"The Bedtime Ritual"
March 7, 2013
(The LORD said) "And call upon Me in the day of trouble; I will deliver you, and you shall glorify Me." Psalm 50:15
Anyone who has had, or been around, children, understands the bedtime ritual. Although the order of events may differ from family to family and child to child, most of the following are present:
1. The parent says, "It's time for bed," but the child doesn't hear or pretends to not hear.
2. The child hears the summons and begins to negotiate. Depending on circumstance and situation the parent will hear, "But my friends don't go to bed until midnight" or "Let me just finish my book ... this TV show ... this Lego project ... etc. etc."
3. Next the parent's authority will be challenged. At an early age the child learns not to be direct and say, "No, I'm not going to bed now." Instead, he will try, "But you're not going to bed" or "My brother doesn't have to go to bed yet."
4. The final step is amnesia. The child pretends to have forgotten that stages one, two and three have happened. He goes back to the beginning and starts the process all over.
Yes, that's the way it is in many homes. But it's not that way in the home of a 10-year-old boy in Brockton, Massachusetts. That boy, who remains unnamed, made a call to 911. In that call he told the dispatcher he wanted to turn in his mother who was trying to force him to go to bed.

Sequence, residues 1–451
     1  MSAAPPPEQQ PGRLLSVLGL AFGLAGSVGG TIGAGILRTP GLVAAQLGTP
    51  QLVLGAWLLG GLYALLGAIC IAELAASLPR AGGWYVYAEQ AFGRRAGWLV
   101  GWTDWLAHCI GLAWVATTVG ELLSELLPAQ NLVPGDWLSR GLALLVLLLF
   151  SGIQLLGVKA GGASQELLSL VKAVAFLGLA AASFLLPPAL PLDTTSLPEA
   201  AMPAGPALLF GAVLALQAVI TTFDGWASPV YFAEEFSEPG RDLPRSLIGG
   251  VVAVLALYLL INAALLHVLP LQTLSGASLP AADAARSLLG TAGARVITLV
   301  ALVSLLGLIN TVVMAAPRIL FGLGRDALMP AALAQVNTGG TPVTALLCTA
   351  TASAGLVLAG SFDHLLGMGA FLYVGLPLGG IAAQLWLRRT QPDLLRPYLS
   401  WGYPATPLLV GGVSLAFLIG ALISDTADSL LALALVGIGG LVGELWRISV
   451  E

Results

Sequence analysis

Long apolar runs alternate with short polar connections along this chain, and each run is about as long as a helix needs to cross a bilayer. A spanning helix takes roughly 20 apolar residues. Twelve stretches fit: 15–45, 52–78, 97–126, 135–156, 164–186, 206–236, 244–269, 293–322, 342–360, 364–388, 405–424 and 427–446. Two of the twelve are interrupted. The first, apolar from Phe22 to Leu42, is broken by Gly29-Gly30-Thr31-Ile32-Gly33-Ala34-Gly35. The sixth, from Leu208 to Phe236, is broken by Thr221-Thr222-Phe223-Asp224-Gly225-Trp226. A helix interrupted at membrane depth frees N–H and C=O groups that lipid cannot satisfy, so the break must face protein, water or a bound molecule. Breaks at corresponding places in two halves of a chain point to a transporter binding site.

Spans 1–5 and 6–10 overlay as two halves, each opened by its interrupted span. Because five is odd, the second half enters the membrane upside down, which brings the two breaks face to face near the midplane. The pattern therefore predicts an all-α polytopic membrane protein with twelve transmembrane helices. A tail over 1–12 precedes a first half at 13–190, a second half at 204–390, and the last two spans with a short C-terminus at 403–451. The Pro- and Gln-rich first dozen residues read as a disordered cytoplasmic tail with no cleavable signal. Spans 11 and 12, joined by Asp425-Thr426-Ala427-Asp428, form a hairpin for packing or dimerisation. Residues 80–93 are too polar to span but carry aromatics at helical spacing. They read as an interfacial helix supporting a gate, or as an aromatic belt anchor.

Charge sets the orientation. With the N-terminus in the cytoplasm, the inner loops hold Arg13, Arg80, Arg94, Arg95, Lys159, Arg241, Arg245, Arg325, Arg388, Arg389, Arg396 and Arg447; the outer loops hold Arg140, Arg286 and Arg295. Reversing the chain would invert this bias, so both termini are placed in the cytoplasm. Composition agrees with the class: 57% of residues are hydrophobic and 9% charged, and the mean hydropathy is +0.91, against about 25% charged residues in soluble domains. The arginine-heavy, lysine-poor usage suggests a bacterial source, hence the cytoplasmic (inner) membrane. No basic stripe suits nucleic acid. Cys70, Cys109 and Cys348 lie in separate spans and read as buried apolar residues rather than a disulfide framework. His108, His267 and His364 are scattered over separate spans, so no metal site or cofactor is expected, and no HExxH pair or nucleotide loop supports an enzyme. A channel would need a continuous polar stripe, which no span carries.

While I give the lad points for original thinking, the local constabulary felt differently. According to the records, they dispatched an officer to the boy's home. There the policeman explained to the lad when it is right and when it is wrong to call 911.
Now I share this story with you to make a point.
The point is this: that while the police department in Brockton, Massachusetts, doesn't want people to call them for matters trivial, your Lord has no such distinction.
God wants us to call upon Him. Period.
The passage above talks about coming to the Lord in the day of trouble. But there are other verses in Scripture where we are encouraged to go to the Father with "whatsoever." Now I haven't done a study of whatsoever in the original language, but I have to believe it is pretty all-encompassing.
God wants to hear about the big and the small, the laughter and the tears, the tragedy and the glory of His children's lives. He wants to know about the agony of our hearts and the rejoicing of our souls. He wants to be included in anything and everything that happens to us.
Amazing, isn't it?
Even as the Creator of the universe cares about the sparrows, which fall to the ground, He also cares about the hairs on my head and the events of my life. And if anyone wonders why does God care, he would find his answer in Bethlehem's manger, Calvary's cross, and the borrowed tomb. There Jesus rebuilt the bridge between heaven and earth, which had been destroyed by sin. Now by His great and glorious resurrection, we are allowed to come to our Lord who will listen.
THE PRAYER: Dear Lord, in the day of trouble and the day without it, may I come to you. Then, praying in the Name of Jesus, may I be glad You have heard me and will respond in the way that is best. In the Savior's Name I ask it. Amen.
Pastor Ken Klaus
Speaker emeritus of The Lutheran Hour®
Lutheran Hour Ministries